Use this URL to cite or link to this record in EThOS: http://ethos.bl.uk/OrderDetails.do?uin=uk.bl.ethos.658474
Title: Aspirations, education and inequality in England
Author: Baker, William
ISNI:       0000 0004 5353 9210
Awarding Body: University of Oxford
Current Institution: University of Oxford
Date of Award: 2014
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Abstract:
The concept of aspiration is central to current policy debates about educational and social inequality in the UK. Although aspirations have long been of interest to social scientists there is still uncertainty about how much aspirations influence outcomes and the factors that shape educational and occupational aspirations. I contribute to this policy debate and area of study by examining in detail the mechanisms that shape aspirations and the meaning that young people attach to them. It is often claimed that disadvantaged young people suffer from 'poverty of aspirations'. Contrary to such claims, my findings show that the vast majority of students hold high aspirations for pursuing further academic qualifications, including those from highly disadvantaged backgrounds. I therefore question the grounds for treating 'poverty of aspirations' as a major social problem that should be tackled through interventions designed to raise them. In this mixed methods study I draw on both quantitative and qualitative sources of data. The quantitative data is from the Effective Provision Pre-school, Primary and Secondary Education project (EPPSE). I examine the factors that are predictive of students holding high aspirations at the age of 14. The qualitative data I draw on is from twenty-nine semi-structured interviews with 16-18 years old from a sixth form college in East London. I contribute to the literature by showing in detail how aspirations are shaped by individual, family, school and neighbourhood level processes. In particular, I also show how important family life is in shaping aspirations and that in order to understand aspirations we should focus on the meaning young people attach to them. My findings suggest that our current models of aspirations are in need of refinement because they underestimate how high the aspirations of young people are and therefore struggle to explain how they are related to students' social backgrounds.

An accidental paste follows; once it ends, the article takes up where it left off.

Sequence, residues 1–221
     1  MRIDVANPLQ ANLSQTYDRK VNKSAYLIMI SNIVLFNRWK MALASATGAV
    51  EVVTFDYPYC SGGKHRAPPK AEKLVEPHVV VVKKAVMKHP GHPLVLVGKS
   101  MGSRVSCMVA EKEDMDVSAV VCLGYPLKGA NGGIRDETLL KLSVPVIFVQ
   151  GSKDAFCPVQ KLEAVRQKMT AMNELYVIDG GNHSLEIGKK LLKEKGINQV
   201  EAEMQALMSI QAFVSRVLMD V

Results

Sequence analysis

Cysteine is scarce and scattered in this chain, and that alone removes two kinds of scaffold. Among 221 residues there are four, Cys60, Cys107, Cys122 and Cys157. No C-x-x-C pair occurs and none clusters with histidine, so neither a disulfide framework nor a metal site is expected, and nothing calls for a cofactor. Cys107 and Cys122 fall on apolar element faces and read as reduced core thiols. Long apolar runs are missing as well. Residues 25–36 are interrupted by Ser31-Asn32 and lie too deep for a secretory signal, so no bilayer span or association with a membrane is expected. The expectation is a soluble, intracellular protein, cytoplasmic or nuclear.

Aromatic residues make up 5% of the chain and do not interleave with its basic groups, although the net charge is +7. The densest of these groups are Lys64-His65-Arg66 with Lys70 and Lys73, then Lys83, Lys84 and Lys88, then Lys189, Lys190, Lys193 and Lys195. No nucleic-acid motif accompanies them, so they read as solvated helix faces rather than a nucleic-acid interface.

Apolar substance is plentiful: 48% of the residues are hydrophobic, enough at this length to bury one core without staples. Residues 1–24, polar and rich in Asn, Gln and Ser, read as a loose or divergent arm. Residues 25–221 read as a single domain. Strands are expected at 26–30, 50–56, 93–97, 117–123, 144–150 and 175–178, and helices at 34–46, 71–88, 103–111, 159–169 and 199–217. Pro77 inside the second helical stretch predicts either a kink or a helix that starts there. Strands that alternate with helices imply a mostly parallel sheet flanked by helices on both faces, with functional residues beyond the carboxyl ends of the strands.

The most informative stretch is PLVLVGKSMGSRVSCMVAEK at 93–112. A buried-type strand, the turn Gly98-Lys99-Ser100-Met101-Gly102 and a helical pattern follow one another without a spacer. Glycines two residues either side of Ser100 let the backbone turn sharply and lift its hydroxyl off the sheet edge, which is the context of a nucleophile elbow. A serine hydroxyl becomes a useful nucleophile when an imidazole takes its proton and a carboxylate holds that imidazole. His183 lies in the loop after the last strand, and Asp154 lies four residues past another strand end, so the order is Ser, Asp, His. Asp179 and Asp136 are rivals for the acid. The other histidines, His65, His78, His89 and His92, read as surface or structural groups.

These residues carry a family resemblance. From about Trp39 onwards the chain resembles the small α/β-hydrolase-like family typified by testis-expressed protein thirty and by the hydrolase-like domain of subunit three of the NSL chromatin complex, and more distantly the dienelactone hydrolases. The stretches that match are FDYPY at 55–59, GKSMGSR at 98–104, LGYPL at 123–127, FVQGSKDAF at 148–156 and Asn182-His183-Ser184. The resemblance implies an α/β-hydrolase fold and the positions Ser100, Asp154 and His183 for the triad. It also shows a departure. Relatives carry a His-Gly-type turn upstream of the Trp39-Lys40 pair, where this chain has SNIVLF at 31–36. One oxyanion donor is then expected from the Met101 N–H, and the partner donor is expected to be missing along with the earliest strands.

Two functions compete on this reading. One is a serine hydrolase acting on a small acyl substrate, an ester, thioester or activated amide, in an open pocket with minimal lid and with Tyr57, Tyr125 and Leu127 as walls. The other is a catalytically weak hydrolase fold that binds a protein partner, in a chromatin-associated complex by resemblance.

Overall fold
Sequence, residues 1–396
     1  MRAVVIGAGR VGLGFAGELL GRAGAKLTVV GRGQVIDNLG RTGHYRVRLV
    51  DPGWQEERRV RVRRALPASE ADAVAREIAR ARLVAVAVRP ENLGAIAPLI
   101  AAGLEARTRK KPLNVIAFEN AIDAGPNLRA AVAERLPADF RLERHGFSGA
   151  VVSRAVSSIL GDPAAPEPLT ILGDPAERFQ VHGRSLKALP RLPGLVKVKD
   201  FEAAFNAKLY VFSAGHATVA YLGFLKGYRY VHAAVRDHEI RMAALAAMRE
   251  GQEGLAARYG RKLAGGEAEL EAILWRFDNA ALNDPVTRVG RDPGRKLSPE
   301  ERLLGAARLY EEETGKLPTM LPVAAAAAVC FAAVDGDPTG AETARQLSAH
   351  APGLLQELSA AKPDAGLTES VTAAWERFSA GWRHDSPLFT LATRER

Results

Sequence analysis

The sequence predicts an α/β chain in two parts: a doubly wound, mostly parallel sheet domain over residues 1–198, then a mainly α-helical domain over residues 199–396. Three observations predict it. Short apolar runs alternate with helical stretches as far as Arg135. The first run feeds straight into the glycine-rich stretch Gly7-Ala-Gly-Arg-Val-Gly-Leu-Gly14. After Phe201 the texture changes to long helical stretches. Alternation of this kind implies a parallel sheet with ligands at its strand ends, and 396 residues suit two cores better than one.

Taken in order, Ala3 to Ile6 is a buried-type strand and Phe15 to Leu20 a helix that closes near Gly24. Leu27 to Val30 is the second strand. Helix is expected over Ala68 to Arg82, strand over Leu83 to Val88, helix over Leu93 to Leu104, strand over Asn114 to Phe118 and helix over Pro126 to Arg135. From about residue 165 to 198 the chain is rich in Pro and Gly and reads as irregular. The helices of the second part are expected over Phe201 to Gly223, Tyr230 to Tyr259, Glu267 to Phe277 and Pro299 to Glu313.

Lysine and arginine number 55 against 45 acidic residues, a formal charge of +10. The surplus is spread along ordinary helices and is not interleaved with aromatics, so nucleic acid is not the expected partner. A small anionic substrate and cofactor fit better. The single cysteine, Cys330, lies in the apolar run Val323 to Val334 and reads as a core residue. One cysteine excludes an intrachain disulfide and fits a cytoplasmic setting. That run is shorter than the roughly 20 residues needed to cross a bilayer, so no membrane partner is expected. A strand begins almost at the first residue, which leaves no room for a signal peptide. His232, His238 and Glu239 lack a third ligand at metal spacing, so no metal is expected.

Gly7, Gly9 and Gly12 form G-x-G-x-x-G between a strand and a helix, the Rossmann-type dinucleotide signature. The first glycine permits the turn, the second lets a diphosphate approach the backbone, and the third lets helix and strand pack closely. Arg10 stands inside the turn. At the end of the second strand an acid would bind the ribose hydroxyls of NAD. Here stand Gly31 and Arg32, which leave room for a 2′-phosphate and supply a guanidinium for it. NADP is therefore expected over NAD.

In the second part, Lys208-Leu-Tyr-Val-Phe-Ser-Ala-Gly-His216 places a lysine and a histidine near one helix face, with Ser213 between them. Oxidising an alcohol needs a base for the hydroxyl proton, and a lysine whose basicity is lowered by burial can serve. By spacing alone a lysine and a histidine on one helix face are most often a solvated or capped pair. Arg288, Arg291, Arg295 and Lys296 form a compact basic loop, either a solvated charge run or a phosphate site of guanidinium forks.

Supervisor: Furlong, J. Sponsor: Not available
Qualification Name: Thesis (Ph.D.) Qualification Level: Doctoral
EThOS ID: uk.bl.ethos.658474  DOI: Not available
Keywords: aspirations ; education ; youth ; inequality
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